How to (Mostly) Disable YouTube Ads
Note: This is a post for YouTube publishers, not YouTube viewers. I am aware that there are some ad-blocking solutions for viewers, but that’s not the subject of this post.
As of 2020, YouTube can run ads on all videos from all publishers and does run ads on most video views. It appears that ads don’t run in embedded videos or videos that are shown as part of a playlist, but this is not a certainty. What is certain is that YouTube is running ads on most videos viewed on their site, even for non-monetizing or smaller publishers.
That being said, it is now possible for some channels to disable advertising on their videos. The process is quite counter-intuitive, however, and is not well documented:
YouTube allows “Partners” to turn “monetization” on or off on individual videos on their channels and to modify the type of ads that run. This means that you can entirely disable advertising on a video-by-video basis and can entirely disable especially annoying ad types, including non-skippable, overlay, and sponsored card ads.
You must join the YouTube Partner Program (YPP) to have any say at all about the ads that run with your videos. But YouTube restricts access to the YPP to sites that meet certain criteria:
- You must have at least 1,000 subscribers
- You must have at least 4,000 “watch hours” per year
- You must meet some other qualifications as described in detail by Google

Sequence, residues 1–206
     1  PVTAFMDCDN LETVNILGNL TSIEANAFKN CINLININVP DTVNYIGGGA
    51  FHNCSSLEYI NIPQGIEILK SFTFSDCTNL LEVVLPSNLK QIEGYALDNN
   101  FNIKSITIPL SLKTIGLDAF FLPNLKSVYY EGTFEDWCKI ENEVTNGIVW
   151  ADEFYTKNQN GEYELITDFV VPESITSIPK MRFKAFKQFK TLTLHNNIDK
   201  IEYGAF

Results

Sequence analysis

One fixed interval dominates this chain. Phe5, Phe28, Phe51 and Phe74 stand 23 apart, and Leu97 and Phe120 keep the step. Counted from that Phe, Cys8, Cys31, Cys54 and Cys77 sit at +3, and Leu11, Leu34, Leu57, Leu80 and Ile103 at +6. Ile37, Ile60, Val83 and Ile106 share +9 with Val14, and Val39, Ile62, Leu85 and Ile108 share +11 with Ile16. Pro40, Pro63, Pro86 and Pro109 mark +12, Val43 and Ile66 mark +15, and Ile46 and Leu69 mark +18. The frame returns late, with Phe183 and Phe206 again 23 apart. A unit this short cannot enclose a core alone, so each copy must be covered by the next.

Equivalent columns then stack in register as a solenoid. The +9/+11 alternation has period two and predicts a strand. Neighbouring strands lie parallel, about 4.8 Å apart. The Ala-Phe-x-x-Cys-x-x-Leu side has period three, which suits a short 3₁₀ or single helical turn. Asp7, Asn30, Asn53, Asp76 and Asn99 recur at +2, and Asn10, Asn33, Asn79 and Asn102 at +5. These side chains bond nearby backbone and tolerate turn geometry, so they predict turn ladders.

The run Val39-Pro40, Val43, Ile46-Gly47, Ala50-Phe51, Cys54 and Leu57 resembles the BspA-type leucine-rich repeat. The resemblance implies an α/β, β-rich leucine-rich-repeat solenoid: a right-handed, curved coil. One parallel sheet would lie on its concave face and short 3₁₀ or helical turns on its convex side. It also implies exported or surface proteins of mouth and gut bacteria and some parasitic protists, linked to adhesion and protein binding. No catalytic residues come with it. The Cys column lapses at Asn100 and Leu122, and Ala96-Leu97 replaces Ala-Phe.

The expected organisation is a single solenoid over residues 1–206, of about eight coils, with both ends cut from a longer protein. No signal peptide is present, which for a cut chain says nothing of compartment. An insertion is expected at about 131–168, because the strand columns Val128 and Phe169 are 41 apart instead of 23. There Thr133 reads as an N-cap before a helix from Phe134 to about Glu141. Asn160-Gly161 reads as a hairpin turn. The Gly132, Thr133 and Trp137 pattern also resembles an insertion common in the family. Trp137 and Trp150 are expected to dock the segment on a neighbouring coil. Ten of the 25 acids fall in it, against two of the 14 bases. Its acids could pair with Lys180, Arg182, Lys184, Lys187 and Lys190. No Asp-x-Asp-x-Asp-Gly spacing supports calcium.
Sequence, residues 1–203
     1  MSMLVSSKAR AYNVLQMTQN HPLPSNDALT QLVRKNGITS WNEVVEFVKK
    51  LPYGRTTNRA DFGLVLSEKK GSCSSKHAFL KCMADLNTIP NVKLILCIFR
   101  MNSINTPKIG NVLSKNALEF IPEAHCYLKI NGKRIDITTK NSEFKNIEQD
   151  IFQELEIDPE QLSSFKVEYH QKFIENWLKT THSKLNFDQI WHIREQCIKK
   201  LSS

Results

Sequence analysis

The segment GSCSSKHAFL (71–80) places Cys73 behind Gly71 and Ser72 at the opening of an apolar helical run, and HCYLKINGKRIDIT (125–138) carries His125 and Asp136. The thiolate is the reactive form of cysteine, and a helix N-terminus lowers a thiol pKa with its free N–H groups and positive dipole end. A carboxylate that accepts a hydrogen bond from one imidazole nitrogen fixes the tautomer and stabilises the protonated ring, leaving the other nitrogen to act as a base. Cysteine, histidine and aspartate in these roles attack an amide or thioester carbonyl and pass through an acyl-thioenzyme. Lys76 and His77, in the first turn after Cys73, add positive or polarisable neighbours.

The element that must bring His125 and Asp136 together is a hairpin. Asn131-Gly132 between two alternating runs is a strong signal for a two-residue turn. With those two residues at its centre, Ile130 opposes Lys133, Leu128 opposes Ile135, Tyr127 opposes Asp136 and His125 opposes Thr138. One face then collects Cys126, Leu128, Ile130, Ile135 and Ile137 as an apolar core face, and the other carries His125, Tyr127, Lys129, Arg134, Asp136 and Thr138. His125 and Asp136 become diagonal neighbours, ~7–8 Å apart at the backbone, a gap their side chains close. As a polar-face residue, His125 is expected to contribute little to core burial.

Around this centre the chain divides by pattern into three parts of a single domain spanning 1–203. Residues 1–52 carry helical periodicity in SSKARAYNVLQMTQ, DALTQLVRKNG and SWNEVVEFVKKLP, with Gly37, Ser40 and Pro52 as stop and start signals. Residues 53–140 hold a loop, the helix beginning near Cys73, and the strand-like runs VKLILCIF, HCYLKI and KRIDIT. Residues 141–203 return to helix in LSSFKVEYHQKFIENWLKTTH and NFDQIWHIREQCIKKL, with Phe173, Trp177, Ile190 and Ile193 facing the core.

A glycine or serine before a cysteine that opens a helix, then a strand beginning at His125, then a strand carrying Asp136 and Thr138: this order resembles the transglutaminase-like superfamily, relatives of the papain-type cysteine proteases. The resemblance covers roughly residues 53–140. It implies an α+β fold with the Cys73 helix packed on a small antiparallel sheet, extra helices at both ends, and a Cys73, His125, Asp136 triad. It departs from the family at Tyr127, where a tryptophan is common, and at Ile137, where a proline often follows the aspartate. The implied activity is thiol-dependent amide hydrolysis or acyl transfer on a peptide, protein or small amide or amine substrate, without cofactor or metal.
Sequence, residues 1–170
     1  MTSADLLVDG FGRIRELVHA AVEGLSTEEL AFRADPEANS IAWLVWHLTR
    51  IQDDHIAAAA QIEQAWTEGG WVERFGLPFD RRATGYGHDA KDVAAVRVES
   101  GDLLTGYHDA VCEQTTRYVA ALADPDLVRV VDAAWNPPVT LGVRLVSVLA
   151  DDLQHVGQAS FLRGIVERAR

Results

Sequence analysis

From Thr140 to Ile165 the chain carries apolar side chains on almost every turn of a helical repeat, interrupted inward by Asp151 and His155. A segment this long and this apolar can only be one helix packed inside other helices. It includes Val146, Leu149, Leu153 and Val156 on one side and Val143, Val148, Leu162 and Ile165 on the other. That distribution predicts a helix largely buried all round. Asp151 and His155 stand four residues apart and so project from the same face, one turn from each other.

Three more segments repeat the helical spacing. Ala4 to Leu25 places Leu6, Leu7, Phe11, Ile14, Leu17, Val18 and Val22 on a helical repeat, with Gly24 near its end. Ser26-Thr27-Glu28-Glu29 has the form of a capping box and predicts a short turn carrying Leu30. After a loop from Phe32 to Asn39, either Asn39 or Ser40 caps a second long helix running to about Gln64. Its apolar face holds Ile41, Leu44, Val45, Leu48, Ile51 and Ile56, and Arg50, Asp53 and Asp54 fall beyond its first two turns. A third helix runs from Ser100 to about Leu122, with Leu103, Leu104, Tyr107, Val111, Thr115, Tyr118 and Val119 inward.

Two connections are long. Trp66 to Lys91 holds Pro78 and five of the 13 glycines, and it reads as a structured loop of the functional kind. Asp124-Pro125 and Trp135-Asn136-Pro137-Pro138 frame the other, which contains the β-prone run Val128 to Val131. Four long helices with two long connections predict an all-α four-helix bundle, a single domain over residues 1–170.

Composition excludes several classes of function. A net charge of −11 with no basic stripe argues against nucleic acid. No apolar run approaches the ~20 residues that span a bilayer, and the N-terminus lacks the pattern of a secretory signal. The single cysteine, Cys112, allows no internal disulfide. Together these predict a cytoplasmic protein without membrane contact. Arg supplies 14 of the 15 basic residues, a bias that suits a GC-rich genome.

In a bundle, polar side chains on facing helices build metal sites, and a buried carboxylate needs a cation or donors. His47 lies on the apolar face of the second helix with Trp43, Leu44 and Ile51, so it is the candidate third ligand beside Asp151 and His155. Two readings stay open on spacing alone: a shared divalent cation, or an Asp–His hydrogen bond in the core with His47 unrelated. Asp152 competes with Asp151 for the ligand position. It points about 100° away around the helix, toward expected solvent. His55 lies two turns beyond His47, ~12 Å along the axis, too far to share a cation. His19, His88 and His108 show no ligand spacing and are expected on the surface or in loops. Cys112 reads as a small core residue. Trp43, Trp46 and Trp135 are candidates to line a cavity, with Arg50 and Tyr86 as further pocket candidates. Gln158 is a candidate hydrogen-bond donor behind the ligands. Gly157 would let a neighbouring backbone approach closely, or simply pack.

This means that even some successful channels (including my own Gestalt IT channel) are ineligible for YPP.
Once you join the YouTube Partner Program you will be able to turn off any of the five ad types shown above. This applies to your entire channel and all of your content. I personally dislike overlay ads, sponsored cards, and non-skippable video ads so I disabled those right away.
You can also enable or disable monetization on a video-by-video basis. You do this from the “Channel content” menu in YouTube Studio:
- Select the videos
- Click Edit
- Click Monetization
- Turn it on or off
- Click Update Videos
The sort and filter options on this list make it easier to select videos for this process. For example, you might want to enable or disable advertising for older or newer videos or for your most popular ones. But you can’t do it for an entire playlist, which would be nice.
You could theoretically disable advertising entirely for your entire channel using this process, but I recommend enabling some advertising on some videos. Perhaps turn it off for your newest content but leave it on for some of your “back catalog” or “greatest hits”. After all, YouTube is providing a service by hosting your videos and advertising revenue is their business model. And it might be against the terms of service for the YouTube Partner Program to disable all ads on your channel. I do wish they offered a paid “no ads” option for channel owners, though. And it would be nice if smaller channels could join YPP.
I’m not entirely opposed to advertising as a business model, but it often gets out of hand. I don’t like the ad content I’m seeing on YouTube, Twitter, and especially ad-oriented websites, and have built my own business model around sponsorship rather than display ads. It’s nice that I can disable ads on some of my content, but the limits of the YPP approach are so strict that I suspect this won’t work for most people. I do with YouTube offered any other option for content creators!
Leave a Reply